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Are Homeowners Liable for Uninsured Contractors’ Injuries?

— July 7, 2021

So, in order to avoid needless lawsuits, always ask for proof of a valid license and insurance, along with proof of coverage for every person working under the general contractor.

Renovating your home is all fun and games until someone gets severely injured on your premises. Working with uninsured contractors can be tempting since these professionals charge much less than their fully licensed and insured counterparts. But if they sustain a serious injury on your property, things can quickly turn out catastrophic for you even if you weren’t entirely at fault for the accident.

Homeowners’ Duty of Care

Under the legal doctrine known as “premises liability,” a homeowner has a reasonable duty of care for most hazardous conditions on his or her property that might cause visitors harm. If the property owner fails to live up to that standard, the injured visitor might sue for compensation.

There are three types of visitors: invitees, licensees, and trespassers. While the first two categories are welcome guests on a person’s property, trespassers are not. The most common invitees include shoppers at a store, patients in a doctor’s office, job seekers on a business’ premises, contractors performing work on a property, delivery people, and so on.

Just like invitees, licensees need the property owner’s approval to visit the property, but unlike invitees, their purpose for being there is not related to business. Common examples of licensees are family and friends. A licensee can even be a person that enters a restaurant just to use the restroom.

The property owner has a duty of care only for welcome guests, including contractors performing repairs or other types of work on the property. So, if there is a hazardous condition on the property, the homeowner knew about it but failed to address it or warn visitors of the potential dangers, he or she can be sued under premises liability laws.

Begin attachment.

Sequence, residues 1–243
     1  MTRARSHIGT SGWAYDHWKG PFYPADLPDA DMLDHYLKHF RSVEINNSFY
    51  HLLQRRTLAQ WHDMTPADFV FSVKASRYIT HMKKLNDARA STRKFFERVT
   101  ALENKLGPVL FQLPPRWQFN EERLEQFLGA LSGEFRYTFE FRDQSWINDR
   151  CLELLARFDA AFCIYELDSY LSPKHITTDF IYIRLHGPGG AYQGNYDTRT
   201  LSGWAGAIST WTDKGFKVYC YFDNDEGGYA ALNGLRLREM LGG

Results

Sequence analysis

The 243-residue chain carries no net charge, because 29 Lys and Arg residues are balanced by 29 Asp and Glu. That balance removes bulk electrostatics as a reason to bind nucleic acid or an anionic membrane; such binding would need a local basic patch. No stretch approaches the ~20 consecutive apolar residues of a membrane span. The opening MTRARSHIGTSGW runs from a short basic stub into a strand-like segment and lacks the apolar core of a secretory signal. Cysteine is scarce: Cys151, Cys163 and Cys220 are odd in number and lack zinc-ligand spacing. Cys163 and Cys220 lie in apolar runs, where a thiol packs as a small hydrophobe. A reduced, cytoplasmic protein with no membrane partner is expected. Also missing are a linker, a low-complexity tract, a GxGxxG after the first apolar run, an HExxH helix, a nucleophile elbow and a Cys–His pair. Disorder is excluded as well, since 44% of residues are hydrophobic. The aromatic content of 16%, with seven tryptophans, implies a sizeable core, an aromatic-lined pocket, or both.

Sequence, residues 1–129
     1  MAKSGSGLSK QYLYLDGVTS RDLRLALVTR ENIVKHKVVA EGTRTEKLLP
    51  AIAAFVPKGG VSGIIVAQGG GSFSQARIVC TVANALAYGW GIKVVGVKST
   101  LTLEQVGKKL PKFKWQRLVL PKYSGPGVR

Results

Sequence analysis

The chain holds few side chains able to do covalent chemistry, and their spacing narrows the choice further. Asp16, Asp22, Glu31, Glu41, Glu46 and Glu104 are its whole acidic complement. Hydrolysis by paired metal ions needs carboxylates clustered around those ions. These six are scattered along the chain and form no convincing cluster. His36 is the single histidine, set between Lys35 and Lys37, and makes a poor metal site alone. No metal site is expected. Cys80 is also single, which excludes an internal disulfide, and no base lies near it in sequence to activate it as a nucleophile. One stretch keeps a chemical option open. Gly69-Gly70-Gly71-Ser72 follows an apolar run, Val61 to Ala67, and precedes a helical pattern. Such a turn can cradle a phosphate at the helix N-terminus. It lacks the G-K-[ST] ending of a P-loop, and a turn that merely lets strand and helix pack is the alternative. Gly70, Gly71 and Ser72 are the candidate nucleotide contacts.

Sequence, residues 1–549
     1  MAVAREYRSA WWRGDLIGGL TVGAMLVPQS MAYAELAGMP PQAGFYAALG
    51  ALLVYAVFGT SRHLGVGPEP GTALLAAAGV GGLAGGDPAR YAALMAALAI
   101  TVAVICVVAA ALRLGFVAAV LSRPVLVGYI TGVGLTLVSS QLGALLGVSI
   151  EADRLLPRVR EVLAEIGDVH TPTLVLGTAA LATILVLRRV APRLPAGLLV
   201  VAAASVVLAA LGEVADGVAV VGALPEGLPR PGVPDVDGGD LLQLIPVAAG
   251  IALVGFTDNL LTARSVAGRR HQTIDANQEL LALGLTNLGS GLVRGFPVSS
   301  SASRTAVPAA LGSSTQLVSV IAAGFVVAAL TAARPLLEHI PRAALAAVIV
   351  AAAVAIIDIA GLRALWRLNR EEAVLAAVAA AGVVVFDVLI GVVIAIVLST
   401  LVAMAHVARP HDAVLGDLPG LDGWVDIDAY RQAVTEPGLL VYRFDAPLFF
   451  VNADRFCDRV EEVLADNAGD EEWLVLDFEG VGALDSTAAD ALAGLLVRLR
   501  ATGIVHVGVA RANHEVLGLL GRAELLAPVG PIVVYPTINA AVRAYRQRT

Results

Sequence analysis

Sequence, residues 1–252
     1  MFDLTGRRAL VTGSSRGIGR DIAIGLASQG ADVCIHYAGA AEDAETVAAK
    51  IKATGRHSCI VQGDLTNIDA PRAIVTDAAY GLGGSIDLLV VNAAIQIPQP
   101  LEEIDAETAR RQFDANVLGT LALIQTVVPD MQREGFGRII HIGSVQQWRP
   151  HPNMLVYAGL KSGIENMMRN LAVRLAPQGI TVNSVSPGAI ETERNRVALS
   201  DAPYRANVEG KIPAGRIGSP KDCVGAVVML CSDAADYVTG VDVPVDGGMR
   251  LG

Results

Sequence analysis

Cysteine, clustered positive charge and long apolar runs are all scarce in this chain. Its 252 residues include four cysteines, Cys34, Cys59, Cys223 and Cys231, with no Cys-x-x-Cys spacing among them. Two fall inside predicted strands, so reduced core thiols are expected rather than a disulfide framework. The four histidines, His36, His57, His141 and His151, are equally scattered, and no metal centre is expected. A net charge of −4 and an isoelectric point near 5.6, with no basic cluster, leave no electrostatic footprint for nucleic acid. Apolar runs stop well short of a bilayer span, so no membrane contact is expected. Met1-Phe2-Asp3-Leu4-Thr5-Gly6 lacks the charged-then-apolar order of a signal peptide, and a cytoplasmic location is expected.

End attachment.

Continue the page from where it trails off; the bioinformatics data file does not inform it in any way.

For instance, if a guest was hurt in a slip and fall accident caused by a broken handrail the property owner should have addressed, the property owner can be held liable. According to Jack Bernstein, a seasoned Las Vegas slip and fall lawyer, in such cases, the homeowner can be forced to cover:

  • Medical bills
  • Pain and suffering
  • Lost income to recovery
  • Rehabilitation costs.

However, if the victim contributed to his or her injuries, the premises liability claim can be reduced by the amount of fault belonging to the victim.

For instance, Nevada operates on a shared fault system known as comparative negligence. Under the Silver State’s law, the victim is entitled to compensation if his or her “negligence was not greater than the negligence or gross negligence of the [property owner].” In short, if the victim is more than 50% at fault for the accident, he or she will not receive any compensation if the property owner brings the comparative negligence defense.

What About Uninsured Contractors?

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Photo by Greyson Joralemon on Unsplash

Homeowners working with uninsured contractors run a huge risk if the said contractors have a catastrophic accident on their premises. Any contractors should carry workers’ compensation and general liability insurance as your homeowner’s insurance policy’s personal liability coverage may not apply to injured, uninsured contractors if you knew that they didn’t carry any type of insurance.

As a result, you can be forced to pay tens of thousands of dollars in medical bills and lost wages if an uninsured contractor is hurt on your premises. Also, be wary that many subcontractors are uninsured even if the general contractor is properly licensed and insured.

So, make sure that each contractor has minimum liability and workers’ compensation coverage under your home state’s laws before allowing them on your premises. If they do have coverage but they are underinsured, your homeowners’ insurance policy might cover the difference that you would have had to pay if the injured contractor was uninsured.

So, in order to avoid needless lawsuits, always ask for proof of a valid license and insurance, along with proof of coverage for every person working under the general contractor.

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